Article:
ROLL. A scroll, a literary work on papyrus or parchment rolled around a core or spool. The decree of Cyrus to restore the temple was a roll (Ezra.1.1), and Jeremiah wrote on such a roll (Jer.36.2). Books with pages did not come into use until the second century a.d. See also Papyrus and Writing.
International Standard Bible Encyclopedia (1915)
Biblion is regarded by the Bible translators as equivalent to meghillah in the sense of small roll. It is in fact 4 times in the Septuagint of Jer 36 used as the translation for meghillah, but very much oftener it is the translation for cepher, for which in fact it is the correct technical equivalent (Birt, Buchrolle, 21). Indeed the "small book" (Thayer, Lexicon, 101) is hardly consistent with the ideas of the heavens as a scroll, of the Lamb’s , or of the vast quantity of books of Joh 21:25, although in Lu 4:17 it may perhaps correspond closely with meghillah in the sense of a complete roll and work, which is at the same time a whole part of a larger work. Its use in Re 6:14 is reminiscent of Isa 34:4 ("scroll"), and is conclusive for the roll form. It is indeed always technically a roll and never codex or tablet.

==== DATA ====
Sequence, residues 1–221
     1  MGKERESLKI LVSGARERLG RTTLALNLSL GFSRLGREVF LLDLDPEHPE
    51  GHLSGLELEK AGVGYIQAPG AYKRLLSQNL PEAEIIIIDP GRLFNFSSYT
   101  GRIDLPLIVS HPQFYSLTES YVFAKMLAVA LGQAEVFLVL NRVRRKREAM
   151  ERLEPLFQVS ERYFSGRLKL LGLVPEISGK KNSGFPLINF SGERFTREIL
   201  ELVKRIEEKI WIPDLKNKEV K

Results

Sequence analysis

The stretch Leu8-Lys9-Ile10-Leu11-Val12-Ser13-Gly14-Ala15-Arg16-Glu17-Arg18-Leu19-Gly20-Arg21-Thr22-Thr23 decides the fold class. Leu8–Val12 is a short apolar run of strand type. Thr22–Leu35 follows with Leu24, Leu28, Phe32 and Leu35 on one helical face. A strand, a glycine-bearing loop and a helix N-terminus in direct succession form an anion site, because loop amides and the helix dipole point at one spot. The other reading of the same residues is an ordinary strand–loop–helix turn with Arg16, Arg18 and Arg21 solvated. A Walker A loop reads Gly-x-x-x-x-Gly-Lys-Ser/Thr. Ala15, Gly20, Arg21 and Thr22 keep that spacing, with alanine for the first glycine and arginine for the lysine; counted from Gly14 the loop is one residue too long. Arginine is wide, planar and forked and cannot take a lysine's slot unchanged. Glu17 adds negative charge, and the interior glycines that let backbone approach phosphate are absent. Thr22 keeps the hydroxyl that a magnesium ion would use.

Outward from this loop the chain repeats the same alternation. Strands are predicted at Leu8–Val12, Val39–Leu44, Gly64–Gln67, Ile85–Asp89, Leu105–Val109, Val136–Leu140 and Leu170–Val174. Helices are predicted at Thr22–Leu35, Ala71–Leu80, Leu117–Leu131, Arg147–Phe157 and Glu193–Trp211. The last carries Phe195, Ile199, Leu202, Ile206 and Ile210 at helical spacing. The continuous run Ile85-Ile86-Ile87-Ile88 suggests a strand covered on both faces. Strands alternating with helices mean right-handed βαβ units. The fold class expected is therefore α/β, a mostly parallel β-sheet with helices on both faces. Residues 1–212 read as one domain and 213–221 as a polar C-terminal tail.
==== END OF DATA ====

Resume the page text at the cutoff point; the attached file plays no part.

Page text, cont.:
It is not likely that Isaiah and John (here and in his Gospel, 21:25) refer directly to the Babylonian idea that the heavens are a series of written tablets or to the rabbinic saying that "if all the oceans were ink, all reeds pens, the heavens and earth sheets to write upon, and all men writers, still it would not suffice for writing out the teachings of my Masters" (Blau, op. cit., 34). Nevertheless, the "whole Cosmos" does suggest "the heavens and earth" as sheets to write on, and under all there does perhaps lurk a conception of the broad expanse of heaven as a roll for writing upon.
Birt, Die Buchrolle in der Kunst, Leipzig, 1907; Jew Encyclopedia, XI, 126-34, "Scroll of the Law"; Blau, Studien z. althebr. Buchwesen, Strassburg, 1902, 37-66, etc., and the literature under the article "Writing," especially Gardthausen, 134-54.